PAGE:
“There’s a very good business reason as to why Apple priced iPhone battery replacements at $79, and it isn’t profit,” Matthew Humphries writes for PC Magazine. “By making a battery replacement relatively expensive, more existing iPhone owners with failing batteries are likely to decide to upgrade to a newer model instead, which is even more profitable for Apple. However, that situation is expected to change this year.”

“Analysts at Barclays are expecting iPhone sales to drop during 2018 thanks to Apple’s cheap battery replacement program which is already available,” Humphries writes. “The iPhone 6, 6 Plus, 6s, 6s Plus, 7, 7 Plus, and iPhone SE all qualify for the $29 battery replacement.”

“Those models currently make up 77 percent of the iPhone market,” Humphries writes, “meaning even a small percentage of owners opting for a new battery instead of a new iPhone will result in a significant fall in iPhone sales.”

Read more in the full article here.

MacDailyNews Take: As we wrote yesterday:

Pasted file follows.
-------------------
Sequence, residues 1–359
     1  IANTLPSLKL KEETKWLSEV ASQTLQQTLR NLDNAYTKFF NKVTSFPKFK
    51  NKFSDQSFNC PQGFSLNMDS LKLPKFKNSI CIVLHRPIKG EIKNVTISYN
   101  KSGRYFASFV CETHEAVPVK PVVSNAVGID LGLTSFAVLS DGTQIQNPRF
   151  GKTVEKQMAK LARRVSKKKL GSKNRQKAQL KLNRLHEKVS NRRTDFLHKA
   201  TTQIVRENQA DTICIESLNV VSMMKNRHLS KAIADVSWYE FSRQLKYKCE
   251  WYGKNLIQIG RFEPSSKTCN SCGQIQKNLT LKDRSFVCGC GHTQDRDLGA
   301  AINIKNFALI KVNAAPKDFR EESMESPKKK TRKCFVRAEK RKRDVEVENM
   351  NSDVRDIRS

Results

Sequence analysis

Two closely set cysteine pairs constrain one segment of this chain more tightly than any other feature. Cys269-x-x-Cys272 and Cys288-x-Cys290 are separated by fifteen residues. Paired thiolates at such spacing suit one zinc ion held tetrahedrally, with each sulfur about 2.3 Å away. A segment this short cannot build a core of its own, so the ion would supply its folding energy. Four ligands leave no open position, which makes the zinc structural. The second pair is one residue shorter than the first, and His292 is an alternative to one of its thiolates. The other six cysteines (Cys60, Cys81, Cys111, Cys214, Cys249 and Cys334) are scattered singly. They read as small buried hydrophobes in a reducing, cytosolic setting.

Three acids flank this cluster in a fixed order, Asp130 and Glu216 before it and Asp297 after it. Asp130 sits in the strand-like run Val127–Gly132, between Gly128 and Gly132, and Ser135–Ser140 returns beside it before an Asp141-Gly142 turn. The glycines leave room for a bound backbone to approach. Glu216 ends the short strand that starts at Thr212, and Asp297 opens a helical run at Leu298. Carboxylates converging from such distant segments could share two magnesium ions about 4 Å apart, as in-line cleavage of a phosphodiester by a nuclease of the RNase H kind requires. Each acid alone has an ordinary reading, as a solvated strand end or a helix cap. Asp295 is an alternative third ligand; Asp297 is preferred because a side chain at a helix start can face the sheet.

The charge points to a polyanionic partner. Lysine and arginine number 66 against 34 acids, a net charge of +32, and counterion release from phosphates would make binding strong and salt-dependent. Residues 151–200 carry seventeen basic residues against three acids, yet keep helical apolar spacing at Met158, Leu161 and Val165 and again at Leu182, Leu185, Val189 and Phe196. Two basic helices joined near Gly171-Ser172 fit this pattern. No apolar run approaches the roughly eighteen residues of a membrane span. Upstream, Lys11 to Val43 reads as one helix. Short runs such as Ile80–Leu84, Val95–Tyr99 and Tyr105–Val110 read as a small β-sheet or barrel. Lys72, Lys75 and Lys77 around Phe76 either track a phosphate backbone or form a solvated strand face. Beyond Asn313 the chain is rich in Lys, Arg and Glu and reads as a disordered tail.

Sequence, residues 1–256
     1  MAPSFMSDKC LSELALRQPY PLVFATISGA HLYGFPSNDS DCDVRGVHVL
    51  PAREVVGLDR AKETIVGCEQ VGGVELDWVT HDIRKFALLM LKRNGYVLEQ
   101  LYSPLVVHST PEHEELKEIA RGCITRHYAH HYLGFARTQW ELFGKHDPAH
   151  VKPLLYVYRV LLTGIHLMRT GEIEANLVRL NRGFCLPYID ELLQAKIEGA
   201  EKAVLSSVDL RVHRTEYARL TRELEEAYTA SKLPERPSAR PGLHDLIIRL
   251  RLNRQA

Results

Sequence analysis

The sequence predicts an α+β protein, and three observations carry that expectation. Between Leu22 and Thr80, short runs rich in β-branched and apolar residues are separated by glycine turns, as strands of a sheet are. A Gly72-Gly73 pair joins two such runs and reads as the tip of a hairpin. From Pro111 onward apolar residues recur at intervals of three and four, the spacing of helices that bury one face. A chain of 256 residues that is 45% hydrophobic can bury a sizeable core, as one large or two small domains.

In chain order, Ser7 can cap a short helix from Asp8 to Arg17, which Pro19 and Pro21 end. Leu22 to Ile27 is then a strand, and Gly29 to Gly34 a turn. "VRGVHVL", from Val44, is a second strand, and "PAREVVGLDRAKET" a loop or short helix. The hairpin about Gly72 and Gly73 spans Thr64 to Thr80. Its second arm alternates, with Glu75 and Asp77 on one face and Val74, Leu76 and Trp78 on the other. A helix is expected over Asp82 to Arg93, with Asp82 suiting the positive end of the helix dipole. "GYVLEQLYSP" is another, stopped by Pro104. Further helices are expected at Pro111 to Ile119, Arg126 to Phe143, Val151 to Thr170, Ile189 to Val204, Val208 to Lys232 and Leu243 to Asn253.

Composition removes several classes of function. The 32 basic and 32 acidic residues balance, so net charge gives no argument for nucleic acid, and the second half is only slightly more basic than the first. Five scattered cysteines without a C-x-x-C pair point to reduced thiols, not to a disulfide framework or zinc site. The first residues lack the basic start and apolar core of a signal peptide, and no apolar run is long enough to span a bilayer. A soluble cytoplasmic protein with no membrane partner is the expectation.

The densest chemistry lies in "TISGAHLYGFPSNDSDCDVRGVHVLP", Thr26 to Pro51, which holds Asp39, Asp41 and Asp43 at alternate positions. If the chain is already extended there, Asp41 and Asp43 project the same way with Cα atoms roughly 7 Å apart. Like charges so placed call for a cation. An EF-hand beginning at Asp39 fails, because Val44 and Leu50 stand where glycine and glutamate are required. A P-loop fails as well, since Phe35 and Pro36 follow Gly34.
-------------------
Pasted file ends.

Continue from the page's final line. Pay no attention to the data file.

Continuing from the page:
If iPhone sales are negatively impacted, you can see why some think that Apple wanted to keep what they were doing a secret. If people knew that a $79 battery replacement would give them an iPhone that performed like it did on day one, a meaningful percentage would take that option versus buying a new iPhone. Now that it’s just $29 this year, that percentage will naturally increase.

Then again, as Hanlon’s razor states: “Never attribute to malice that which is adequately explained by stupidity.”

Apple’s made up of people. People are imperfect. We’ll take Apple’s word for it that they “always wanted… customers to be able to use their iPhones as long as possible” and that they “have never — and would never — do anything to intentionally shorten the life of any Apple product, or degrade the user experience to drive customer upgrades.”

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